BIS hides their hand again

One of the key passages in the BIS Second Statement of New Regulation contains one or two “drafting errors”. It now reads:

“[The Government has] Consulted on changes to employment law that will give business the confidence to take on staff. We are proposing to increase the qualifying period for employees to be able to bring a claim for unfair dismissal from one to two years and we will be introducing fees for lodging employment tribunal claims to transfer the cost burden from tax payers to the users of the system.”

So, we are told, no final decision has been taken as to whether or not to increase the qualifying period. Form your own conclusions as to how meaningful any forthcoming consultation is likely to be. At the same time (and mysteriously) the justification for introducing fees for commencing tribunal claims has changed from discouragement of vexatious litigation to redistribution of the cost burden. That justification is the one that the Government led with when formulating the proposal for consultation. Note that there is no question that fees “will be” introduced.

Thanks to Daniel Barnett who winkled the information out of BIS.

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4 thoughts on “BIS hides their hand again”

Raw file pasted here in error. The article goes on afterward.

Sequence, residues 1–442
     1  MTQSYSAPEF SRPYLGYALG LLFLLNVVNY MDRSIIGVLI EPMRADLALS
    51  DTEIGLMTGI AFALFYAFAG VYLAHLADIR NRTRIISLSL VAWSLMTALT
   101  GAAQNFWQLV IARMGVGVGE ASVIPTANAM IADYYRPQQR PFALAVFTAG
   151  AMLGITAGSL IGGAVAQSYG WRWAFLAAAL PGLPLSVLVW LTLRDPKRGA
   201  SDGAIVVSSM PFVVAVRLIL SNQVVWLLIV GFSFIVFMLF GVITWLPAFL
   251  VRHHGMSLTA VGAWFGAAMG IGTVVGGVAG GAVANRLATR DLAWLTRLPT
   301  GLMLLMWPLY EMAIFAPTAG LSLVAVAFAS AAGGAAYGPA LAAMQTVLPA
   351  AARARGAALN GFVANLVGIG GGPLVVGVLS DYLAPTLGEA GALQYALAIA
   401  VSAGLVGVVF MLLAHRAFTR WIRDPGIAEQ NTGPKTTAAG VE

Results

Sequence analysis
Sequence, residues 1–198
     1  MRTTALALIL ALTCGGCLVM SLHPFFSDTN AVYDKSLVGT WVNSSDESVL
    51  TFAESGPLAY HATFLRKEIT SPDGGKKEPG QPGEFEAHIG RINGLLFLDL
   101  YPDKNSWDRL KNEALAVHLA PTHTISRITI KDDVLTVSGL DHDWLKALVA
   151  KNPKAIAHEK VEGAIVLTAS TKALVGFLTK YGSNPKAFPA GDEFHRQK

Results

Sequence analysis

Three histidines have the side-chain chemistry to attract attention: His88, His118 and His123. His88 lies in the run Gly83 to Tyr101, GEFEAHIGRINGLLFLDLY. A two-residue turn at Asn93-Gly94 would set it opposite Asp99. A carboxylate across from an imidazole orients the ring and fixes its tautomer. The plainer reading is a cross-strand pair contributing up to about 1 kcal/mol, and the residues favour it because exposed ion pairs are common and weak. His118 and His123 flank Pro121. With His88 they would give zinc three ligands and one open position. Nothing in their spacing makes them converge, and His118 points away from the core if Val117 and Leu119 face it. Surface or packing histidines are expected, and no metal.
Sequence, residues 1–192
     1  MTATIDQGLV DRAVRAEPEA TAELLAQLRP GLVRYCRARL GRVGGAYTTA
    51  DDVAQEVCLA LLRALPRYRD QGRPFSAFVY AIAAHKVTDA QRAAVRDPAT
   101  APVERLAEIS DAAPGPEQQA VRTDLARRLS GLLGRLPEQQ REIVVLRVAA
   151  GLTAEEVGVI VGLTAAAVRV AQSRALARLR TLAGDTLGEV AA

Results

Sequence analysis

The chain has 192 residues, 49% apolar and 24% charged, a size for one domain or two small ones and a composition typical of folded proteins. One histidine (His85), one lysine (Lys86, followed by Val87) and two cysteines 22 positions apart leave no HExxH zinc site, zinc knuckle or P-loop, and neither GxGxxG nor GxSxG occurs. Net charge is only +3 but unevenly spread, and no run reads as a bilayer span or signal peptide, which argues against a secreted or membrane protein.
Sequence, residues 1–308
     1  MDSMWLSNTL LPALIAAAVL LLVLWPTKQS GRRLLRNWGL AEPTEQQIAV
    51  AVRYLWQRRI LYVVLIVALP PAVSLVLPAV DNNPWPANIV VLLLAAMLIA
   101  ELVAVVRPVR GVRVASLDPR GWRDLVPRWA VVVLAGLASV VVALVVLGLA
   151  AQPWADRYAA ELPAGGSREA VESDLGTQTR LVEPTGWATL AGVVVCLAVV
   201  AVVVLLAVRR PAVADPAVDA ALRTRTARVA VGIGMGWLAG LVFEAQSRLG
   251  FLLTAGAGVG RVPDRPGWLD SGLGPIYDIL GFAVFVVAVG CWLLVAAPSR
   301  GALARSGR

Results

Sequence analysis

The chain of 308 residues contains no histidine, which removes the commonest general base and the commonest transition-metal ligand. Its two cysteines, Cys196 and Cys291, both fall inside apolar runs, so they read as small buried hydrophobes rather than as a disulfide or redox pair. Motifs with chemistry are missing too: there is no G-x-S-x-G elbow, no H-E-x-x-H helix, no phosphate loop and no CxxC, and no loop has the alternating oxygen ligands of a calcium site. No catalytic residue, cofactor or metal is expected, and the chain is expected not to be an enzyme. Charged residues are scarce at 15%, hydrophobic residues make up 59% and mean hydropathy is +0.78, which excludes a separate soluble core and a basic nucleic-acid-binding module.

1. In my excitement I forgot to post BIS’s retraction (though you could have found it at the 11KBW blog).

    Hands up all those who think it is true that the Government really hasn;t yet made up its mind. Anyone? Anyone?

    1. Agreed. It will, perhaps, lead to a reduction in claims. I think a more laissez-faire approach needs to be taken in resolving workplace problems – although clearly this can only be done when the parties are in a more equal position i.e. small business owner with few employees.

      The unfair dismissal qualification increase is certainly a good move, and the writing was always on the wall as soon as the Conservative were elected.

      As for the financial penalties – can you see them being exercised? Aggravated damages can be awarded now, but how often are they ever awarded.

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